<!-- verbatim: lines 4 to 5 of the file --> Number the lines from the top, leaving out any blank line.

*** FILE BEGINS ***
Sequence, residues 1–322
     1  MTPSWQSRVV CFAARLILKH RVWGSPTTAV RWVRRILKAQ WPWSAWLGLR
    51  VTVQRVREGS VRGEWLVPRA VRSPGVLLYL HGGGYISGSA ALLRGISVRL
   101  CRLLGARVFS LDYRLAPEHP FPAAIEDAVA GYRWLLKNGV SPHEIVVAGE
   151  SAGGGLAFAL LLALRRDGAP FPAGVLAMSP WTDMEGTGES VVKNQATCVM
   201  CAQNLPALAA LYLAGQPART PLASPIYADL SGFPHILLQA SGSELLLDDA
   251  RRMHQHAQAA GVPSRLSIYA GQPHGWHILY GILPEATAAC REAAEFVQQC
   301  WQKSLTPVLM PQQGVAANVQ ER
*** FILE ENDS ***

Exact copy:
   101  CRLLGARVFS LDYRLAPEHP FPAAIEDAVA GYRWLLKNGV SPHEIVVAGE
   151  SAGGGLAFAL LLALRRDGAP FPAGVLAMSP WTDMEGTGES VVKNQATCVM